By the end of next year the Government hope to have made a radical change to our National Health Service. It is called Sustainability and Transformation Plan (STP) and in Kent it will be executed by a powerful Strategic Commissioner, with health practitioners being allowed only an advisory role.
The basic premise of STP is that we should reduce bed occupancy in acute general hospitals by making people more dependent for their own health care in their own homes. In the Labour Party we fear that financial pressures will reduce the options available to vulnerable people, whilst the continuing real term cuts to social care will make it undeliverable.
We also fear that behind STP is a wish to commission out fashionable and potentially lucrative parts of the NHS to private providers, including many from the USA. The Prime Minister’s evasive answer to this in the House of Commons rather supports our fear. What might be left behind is a number of struggling services like mental health, desperate for adequate finance and resourcing.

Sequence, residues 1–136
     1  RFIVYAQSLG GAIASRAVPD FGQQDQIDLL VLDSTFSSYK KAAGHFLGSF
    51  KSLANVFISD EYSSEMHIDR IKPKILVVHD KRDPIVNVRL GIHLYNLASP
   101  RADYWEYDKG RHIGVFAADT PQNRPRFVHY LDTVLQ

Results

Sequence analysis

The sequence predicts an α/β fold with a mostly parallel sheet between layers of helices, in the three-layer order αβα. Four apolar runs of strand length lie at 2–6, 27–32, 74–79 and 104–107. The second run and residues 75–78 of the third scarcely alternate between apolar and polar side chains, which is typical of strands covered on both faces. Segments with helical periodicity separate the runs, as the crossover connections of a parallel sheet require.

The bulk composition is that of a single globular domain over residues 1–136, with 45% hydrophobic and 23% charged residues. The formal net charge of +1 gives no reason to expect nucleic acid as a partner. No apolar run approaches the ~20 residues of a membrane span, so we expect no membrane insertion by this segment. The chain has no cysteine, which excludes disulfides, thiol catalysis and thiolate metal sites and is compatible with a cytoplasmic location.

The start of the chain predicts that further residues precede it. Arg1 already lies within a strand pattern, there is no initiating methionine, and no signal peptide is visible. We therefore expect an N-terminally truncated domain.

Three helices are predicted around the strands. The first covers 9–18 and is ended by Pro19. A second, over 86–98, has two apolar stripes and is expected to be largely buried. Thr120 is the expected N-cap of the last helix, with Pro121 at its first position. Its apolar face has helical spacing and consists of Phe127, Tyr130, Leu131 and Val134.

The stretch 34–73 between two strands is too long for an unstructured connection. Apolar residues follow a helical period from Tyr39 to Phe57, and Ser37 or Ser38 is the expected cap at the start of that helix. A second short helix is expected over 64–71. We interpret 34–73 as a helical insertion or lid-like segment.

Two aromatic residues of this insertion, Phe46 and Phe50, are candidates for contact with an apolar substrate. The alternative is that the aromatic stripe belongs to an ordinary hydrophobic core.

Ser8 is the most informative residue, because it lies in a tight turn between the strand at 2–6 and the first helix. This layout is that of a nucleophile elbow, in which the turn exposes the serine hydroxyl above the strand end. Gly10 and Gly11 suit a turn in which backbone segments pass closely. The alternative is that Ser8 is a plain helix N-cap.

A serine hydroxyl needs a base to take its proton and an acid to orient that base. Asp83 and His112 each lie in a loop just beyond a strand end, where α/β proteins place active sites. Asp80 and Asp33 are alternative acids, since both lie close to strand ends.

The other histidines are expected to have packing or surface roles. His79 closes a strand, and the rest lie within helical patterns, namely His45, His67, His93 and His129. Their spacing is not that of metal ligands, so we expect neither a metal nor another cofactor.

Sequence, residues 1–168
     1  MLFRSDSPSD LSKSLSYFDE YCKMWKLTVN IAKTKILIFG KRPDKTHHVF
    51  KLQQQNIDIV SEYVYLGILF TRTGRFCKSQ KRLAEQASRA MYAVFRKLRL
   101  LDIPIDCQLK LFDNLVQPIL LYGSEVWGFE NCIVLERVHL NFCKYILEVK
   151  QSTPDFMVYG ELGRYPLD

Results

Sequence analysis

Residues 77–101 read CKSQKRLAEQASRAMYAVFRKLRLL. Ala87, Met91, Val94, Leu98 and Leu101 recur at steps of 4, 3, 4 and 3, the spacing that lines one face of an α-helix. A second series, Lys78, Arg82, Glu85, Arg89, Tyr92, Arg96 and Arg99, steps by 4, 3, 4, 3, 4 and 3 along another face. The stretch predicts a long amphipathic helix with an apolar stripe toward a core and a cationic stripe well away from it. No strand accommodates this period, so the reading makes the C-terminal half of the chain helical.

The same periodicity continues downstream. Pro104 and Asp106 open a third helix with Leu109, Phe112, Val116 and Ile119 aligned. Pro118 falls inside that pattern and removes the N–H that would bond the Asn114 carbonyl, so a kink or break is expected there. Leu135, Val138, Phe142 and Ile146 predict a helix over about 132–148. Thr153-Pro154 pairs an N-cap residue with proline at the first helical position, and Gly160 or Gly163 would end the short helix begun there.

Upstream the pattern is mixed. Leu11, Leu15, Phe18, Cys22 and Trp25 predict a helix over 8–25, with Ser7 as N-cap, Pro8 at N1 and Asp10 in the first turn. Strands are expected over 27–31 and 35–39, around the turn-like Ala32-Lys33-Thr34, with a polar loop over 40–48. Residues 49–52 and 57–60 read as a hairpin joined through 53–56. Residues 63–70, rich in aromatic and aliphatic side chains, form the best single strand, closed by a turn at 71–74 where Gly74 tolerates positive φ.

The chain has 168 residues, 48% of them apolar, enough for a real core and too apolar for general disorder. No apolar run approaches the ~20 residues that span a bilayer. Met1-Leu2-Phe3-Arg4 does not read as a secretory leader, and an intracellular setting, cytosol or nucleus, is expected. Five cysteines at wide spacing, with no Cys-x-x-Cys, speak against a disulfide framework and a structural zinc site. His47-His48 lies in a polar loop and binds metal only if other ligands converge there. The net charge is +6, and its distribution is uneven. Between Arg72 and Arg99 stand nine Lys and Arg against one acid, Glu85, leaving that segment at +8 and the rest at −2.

Even if some do not share our Labour misgivings, it is important that local people are properly informed, engaged and consulted in this historic change of direction. They are not. Small highly stage managed consultation meetings have been held but the public as a whole are being kept in the dark. It is impossible for elderly people who do not have internet access to be properly engaged.
It is frankly impossible to disentangle this process from the funding crisis in the Health Service. It is tiresome hearing the Health Minister, who is incidentally making it easy for himself to sell off NHS property, boasting about increases in funding when those increases never meet the growth in demand. We have an ageing population and vast improvements in medical technology. As a country we have to face the fact that we spend a much smaller proportion of our National wealth (GDP) on health and social care than other European Union countries. The gap was closed under the Blair government but it has widened ever since. The future looks bright for the few, but not for the many.